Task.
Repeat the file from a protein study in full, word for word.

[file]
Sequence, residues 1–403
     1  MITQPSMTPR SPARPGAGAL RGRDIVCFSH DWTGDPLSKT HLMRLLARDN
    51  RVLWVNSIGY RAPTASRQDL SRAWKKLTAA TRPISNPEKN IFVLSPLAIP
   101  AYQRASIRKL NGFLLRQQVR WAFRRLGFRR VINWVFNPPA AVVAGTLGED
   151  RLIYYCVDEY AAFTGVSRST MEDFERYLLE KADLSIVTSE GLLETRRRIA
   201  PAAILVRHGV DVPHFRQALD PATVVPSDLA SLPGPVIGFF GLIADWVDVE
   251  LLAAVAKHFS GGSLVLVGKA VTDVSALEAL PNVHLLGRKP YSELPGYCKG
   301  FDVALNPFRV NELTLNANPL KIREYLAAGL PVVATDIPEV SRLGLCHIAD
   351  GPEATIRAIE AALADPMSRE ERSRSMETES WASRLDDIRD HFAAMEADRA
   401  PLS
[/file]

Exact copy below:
Sequence, residues 1–403
     1  MITQPSMTPR SPARPGAGAL RGRDIVCFSH DWTGDPLSKT HLMRLLARDN
    51  RVLWVNSIGY RAPTASRQDL SRAWKKLTAA TRPISNPEKN IFVLSPLAIP
   101  AYQRASIRKL NGFLLRQQVR WAFRRLGFRR VINWVFNPPA AVVAGTLGED
   151  RLIYYCVDEY AAFTGVSRST MEDFERYLLE KADLSIVTSE GLLETRRRIA
   201  PAAILVRHGV DVPHFRQALD PATVVPSDLA SLPGPVIGFF GLIADWVDVE
   251  LLAAVAKHFS GGSLVLVGKA VTDVSALEAL PNVHLLGRKP YSELPGYCKG
   301  FDVALNPFRV NELTLNANPL KIREYLAAGL PVVATDIPEV SRLGLCHIAD
   351  GPEATIRAIE AALADPMSRE ERSRSMETES WASRLDDIRD HFAAMEADRA
   401  PLS